The Consumer Price index, which measures changes in the cost of a basket of goods, jumped 1.3% in June compared to the 1% increase in May — a sign that inflation kept burning hot last month.
Compared to one year ago, the index in June hit 9.1%, rising from the 8.6% year-on-year increase the month before — staying at the fastest pace in 40 years.
Wall Street analysts were expecting a month-on-month increase of 1.1% and an annual increase of 8.8%.
The June increase was heavily influenced by higher food and gas prices. Food prices increased 1% from May and 10.4% over the previous 12 months, while the cost of gasoline increased 11.2% from May and energy prices rose 60% over the past 12 months. Excluding food and gas prices, inflation increased 0.7% on the month and 5.9% for the year.
But the gains were broad-based, with everything from rent to motor vehicle costs increasing at the fastest pace in decades. The cost of dental services, the Bureau of Labor Statistics noted, surged 1.9% month on month — its largest-ever increase.
Geopolitical crises like Russia's invasion of Ukraine continued to push up food and gas prices, according to Mark Hamrick, senior economic analyst with Bankrate.com. "It’s fair to say there may have been overly aggressive hopes that the war in Ukraine would be resolved quickly and in Ukraine’s favor," he said, "and then there's the question mark of Covid and the appearance of new lockdowns emerging. That is making the supply chain issue unresolved."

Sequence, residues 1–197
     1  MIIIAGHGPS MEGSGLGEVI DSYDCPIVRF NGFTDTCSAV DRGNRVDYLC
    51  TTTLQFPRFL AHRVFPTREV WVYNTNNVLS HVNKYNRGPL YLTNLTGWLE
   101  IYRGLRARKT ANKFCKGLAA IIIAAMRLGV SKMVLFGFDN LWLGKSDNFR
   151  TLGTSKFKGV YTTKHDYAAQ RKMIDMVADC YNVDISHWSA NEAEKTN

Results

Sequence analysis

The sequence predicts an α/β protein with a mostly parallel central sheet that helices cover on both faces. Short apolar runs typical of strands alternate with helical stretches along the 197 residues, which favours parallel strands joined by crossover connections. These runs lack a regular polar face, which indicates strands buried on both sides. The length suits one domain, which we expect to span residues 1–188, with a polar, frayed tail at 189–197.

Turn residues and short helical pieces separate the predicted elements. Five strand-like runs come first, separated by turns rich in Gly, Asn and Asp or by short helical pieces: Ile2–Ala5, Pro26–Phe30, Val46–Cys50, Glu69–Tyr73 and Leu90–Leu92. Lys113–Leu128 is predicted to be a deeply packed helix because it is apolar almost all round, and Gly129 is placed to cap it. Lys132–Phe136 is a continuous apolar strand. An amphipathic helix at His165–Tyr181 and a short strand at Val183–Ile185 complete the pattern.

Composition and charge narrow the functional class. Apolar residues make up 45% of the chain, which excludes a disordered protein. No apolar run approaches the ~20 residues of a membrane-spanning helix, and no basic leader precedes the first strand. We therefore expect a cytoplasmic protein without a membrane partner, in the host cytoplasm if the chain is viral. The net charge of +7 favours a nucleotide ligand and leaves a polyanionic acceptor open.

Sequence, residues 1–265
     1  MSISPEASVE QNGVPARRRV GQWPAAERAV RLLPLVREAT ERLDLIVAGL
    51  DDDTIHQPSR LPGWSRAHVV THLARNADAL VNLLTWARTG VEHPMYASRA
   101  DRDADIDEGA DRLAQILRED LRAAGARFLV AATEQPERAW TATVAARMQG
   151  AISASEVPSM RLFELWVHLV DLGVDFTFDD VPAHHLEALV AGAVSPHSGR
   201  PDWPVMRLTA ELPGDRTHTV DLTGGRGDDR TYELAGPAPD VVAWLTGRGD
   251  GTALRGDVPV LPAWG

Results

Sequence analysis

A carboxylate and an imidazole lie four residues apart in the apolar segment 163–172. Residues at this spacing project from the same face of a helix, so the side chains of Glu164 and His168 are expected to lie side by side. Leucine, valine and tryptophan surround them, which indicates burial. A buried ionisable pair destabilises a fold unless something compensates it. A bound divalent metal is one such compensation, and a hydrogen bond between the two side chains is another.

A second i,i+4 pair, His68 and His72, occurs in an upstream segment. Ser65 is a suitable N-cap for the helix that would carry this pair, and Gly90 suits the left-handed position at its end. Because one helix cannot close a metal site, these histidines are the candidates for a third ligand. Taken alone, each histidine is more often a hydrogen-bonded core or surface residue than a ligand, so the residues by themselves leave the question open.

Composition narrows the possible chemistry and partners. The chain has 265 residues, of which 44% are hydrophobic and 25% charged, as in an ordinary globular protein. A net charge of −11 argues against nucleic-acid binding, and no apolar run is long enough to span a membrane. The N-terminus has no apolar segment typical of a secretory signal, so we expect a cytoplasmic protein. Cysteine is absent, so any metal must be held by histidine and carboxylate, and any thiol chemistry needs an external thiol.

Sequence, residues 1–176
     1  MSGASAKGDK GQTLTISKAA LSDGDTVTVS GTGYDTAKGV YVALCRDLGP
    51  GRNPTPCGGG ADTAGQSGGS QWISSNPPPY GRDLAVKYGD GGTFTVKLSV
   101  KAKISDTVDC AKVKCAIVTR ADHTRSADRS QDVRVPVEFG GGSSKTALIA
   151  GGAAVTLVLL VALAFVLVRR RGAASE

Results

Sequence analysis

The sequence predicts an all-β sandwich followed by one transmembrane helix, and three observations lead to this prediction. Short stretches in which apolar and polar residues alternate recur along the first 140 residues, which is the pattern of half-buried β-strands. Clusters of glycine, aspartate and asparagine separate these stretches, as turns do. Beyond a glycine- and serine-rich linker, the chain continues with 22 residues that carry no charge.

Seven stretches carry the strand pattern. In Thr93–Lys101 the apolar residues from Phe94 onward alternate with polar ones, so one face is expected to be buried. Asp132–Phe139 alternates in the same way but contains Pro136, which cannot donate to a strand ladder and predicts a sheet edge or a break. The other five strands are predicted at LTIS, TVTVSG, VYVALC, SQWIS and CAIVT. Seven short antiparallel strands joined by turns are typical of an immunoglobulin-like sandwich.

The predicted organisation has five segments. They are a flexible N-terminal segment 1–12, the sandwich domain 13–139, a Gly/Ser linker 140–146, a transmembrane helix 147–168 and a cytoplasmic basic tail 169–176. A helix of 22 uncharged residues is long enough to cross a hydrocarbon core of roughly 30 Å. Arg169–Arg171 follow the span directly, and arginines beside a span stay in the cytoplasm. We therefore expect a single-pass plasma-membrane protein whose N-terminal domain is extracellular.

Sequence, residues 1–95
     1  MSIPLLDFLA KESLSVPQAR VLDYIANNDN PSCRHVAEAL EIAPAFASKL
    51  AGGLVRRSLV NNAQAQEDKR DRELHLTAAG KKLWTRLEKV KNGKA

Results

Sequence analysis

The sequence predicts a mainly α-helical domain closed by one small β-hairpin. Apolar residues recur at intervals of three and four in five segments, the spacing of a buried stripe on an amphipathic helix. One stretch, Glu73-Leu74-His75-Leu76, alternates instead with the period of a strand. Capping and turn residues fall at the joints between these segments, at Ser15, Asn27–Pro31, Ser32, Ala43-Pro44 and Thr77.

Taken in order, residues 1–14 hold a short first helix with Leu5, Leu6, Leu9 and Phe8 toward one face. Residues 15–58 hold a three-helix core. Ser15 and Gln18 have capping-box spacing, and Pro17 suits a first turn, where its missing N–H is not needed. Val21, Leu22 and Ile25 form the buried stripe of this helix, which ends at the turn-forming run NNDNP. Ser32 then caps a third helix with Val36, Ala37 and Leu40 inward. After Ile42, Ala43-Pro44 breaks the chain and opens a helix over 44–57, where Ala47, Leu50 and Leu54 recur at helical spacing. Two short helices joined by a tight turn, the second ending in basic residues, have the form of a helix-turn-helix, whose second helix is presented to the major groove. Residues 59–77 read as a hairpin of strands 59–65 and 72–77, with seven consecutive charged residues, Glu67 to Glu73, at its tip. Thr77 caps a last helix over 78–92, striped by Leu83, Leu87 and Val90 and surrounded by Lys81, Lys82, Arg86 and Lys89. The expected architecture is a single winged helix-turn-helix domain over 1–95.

Over the past month, prices at the pump have actually fallen from the $5 average nationally to about $4.65, according to AAA — raising hopes that inflation may have peaked in June.
But the price declines may be coming for the wrong reasons — that is, because markets now fear a global recession, which would hurt demand. Hamrick said 1 in 2 economists surveyed by Bankrate now expect a recession — compared with 1 in 3 just a few months ago.
"The concern is about the feared weakness of the economy, including globally," he said.
The Federal Reserve wants to make sure inflation does not go any higher. The central bank has already hinted at the possibility of another 0.75% hike of the key interest rate at its next meeting later this month in order to further dampen inflation. Higher borrowing costs tend to lead to lower demand, which economists believe can can help control price growth.
Josh Bivens, director of research at the Economic Policy Institute, a progressive think tank, said inflation is hitting low-income families the hardest because so much of their household spending goes to essentials such as food, gas and housing expenses.
But a slowing economy — meaning higher unemployment — will hurt them more, he said.
"The wages of low-wage workers are far more damaged by rising unemployment than other workers," Bivens said in an email.
He said that, so far, wage growth for low-wage workers has been strong enough to stay ahead of inflation over the past year. But a continued aggressive stance from the Fed could make things worse.
"So anything that harms the labor market without doing much to get at the main drivers of inflation will harm them," he said. "And, since faster interest rate hikes won’t do much to get at energy and food inflation, I worry more about the overreaction to inflation than inflation itself."